Poster

[Re] Masked Autoencoders Are Small Scale Vision Learners: A Reproduction Under Resource Constraints

Athanasios Charisoudis · Simon Ekman von Huth · Emil Jansson

Great Hall & Hall B1+B2 (level 1) #807
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Tue 12 Dec 8:45 a.m. PST — 10:45 a.m. PST

Abstract:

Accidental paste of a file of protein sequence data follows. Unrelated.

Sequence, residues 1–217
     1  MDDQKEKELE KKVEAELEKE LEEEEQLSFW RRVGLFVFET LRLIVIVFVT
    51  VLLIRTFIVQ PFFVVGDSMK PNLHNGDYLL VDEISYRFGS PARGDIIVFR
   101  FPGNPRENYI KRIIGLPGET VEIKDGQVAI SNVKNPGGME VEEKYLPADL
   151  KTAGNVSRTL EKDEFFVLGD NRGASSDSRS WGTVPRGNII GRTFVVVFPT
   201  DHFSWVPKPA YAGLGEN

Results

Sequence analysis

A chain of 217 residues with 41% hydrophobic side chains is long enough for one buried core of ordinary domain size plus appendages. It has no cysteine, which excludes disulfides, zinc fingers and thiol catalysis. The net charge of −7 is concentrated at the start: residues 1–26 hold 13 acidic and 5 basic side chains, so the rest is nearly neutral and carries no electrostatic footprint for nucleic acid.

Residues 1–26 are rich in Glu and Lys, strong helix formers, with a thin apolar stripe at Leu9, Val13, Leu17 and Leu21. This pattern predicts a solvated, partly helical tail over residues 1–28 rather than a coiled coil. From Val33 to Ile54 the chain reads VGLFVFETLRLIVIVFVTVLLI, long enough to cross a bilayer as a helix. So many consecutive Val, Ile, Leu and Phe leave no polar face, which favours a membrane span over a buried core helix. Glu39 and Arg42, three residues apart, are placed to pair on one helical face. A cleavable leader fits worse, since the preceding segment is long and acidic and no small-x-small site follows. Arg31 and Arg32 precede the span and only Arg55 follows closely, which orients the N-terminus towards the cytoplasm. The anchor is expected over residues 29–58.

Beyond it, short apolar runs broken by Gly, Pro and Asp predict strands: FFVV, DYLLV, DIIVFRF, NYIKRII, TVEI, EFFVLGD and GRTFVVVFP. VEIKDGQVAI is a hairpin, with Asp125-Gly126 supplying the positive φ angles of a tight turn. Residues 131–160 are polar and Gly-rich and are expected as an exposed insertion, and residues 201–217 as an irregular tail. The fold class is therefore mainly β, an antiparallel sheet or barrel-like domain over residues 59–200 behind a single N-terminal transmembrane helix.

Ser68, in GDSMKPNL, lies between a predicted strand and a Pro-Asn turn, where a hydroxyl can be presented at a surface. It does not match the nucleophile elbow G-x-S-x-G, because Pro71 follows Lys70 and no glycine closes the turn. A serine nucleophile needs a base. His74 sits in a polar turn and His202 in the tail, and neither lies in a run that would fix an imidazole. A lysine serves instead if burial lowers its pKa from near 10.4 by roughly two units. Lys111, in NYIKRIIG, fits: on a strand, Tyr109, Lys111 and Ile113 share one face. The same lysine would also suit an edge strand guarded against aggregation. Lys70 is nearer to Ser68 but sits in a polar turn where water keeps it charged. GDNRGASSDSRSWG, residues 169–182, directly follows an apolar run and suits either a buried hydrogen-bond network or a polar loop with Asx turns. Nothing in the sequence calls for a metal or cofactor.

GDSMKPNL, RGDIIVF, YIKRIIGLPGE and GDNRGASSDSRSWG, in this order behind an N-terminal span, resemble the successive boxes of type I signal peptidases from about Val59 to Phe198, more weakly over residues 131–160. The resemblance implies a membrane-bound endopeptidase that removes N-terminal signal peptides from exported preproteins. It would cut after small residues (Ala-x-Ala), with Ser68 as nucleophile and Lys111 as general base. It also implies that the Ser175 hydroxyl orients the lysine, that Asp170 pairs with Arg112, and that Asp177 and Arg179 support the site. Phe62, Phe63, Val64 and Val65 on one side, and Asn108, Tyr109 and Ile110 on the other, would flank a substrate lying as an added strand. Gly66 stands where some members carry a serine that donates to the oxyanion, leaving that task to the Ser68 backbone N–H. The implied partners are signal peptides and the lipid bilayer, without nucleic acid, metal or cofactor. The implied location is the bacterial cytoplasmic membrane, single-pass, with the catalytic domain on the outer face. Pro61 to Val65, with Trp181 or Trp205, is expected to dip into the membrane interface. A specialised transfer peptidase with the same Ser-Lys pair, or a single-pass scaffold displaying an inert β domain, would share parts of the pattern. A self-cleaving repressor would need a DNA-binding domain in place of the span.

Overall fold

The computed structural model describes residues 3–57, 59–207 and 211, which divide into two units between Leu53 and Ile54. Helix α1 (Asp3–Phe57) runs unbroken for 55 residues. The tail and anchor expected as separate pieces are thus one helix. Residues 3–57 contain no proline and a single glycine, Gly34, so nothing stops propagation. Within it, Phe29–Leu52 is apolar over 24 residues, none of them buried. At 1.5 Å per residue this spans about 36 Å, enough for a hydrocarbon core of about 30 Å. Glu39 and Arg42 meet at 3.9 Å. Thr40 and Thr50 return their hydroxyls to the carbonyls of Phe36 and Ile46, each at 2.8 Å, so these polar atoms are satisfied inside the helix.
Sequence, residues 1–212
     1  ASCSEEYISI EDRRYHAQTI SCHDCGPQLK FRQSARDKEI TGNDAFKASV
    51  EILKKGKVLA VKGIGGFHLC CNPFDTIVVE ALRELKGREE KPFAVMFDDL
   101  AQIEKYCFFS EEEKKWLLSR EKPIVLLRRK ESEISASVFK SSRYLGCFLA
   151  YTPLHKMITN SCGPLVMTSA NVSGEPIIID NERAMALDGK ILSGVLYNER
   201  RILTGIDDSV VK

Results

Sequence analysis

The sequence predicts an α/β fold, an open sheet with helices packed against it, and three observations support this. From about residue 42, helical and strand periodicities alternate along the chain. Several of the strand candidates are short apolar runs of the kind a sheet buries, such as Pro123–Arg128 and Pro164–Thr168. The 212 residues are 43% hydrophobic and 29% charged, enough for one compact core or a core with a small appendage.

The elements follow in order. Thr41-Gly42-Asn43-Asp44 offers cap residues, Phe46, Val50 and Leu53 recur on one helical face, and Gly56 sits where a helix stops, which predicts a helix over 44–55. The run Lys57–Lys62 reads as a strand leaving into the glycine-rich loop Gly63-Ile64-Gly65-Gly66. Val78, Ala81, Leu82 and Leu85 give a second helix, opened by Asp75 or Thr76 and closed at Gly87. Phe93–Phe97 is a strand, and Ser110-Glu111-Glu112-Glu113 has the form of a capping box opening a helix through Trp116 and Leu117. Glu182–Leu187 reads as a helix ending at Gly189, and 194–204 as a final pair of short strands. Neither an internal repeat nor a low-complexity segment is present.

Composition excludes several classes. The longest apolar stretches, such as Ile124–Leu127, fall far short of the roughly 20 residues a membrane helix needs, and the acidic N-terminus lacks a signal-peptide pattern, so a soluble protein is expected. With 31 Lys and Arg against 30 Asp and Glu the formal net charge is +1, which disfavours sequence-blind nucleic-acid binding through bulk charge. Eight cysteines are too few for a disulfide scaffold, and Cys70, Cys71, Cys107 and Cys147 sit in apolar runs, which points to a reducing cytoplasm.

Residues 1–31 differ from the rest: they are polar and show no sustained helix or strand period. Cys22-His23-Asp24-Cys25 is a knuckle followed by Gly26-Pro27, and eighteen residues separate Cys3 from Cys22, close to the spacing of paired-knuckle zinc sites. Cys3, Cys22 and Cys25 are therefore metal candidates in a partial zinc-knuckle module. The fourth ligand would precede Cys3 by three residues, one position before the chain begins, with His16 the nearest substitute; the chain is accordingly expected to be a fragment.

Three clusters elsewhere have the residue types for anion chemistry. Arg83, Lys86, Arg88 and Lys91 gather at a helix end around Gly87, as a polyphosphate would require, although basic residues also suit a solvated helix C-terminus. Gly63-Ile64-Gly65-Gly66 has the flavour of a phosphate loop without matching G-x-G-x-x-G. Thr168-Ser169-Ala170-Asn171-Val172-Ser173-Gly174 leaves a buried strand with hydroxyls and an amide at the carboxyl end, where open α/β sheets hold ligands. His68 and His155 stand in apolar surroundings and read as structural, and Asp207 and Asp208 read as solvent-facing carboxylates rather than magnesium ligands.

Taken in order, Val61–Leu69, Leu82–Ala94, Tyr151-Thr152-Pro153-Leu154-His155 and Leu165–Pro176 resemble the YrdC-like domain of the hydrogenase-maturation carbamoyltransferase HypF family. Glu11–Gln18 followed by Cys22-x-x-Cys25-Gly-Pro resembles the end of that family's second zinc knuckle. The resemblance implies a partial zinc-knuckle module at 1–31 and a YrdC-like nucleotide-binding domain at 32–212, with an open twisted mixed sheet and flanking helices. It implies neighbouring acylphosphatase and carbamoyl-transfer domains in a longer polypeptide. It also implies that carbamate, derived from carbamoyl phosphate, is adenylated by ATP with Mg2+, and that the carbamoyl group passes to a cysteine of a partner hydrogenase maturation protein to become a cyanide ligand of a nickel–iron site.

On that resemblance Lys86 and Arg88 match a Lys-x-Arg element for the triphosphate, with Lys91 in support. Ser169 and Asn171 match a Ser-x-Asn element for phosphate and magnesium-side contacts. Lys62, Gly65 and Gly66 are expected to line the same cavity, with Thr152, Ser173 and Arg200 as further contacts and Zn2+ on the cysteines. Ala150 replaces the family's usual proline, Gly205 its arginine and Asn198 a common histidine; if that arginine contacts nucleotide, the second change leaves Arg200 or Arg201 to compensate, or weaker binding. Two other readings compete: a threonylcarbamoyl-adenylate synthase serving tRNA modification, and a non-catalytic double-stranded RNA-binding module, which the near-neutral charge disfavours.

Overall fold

Scope of Reproducibility — The Masked Autoencoder (MAE) was recently proposed as aframework for efficient self‐supervised pre‐training in Computer Vision [1]. In this pa‐per, we attempt a replication of the MAE under significant computational constraints.Specifically, we target the claim that masking out a large part of the input image yieldsa nontrivial and meaningful self‐supervisory task, which allows training models thatgeneralize well. We also present the Semantic Masked Autoencoder (SMAE), a novel yetsimple extension of MAE which uses perceptual loss to improve encoder embeddings.Methodology — The datasets and backbones we rely on are significantly smaller than thoseused by [1]. Our main experiments are performed on Tiny ImageNet (TIN) [2] and trans‐fer learning is performed on a low‐resolution version of CUB‐200‐2011 [3]. We use aViT‐Lite [4] as backbone. We also compare the MAE to DINO, an alternative frame‐work for self‐supervised learning [5]. The ViT, MAE, as well as perceptual loss wereimplemented from scratch, without consulting the original authors’ code. Our code isavailable at https://github.com/MLReproHub/SMAE. The computational budget for ourreproduction and extension was approximately 150 GPU hours.Results — This paper successfully reproduces the claim that the MAE poses a nontrivialand meaningful self‐supervisory task. We show that models trained with this frame‐work generalize well to new datasets and conclude that the MAE is reproducible withexception for some hyperparameter choices. We also demonstrate that MAE performswell with smaller backbones and datasets. Finally, our results suggest that the SMAEextension improves the downstream classification accuracy of the MAE on CUB (+5 pp)when coupled with an appropriate masking strategy.What was easy — Given prior experience with a deep learning framework, re‐implementingthe paper was relatively straightforward, with sufficient details given in the paper.What was difficult — We faced challenges implementing efficient patch shuffling and tun‐ing hyperparameters. The hyperparameter choices from [1] did not translate well to asmaller dataset and backbone.Communication with original authors — We have not had contact with the original authors.

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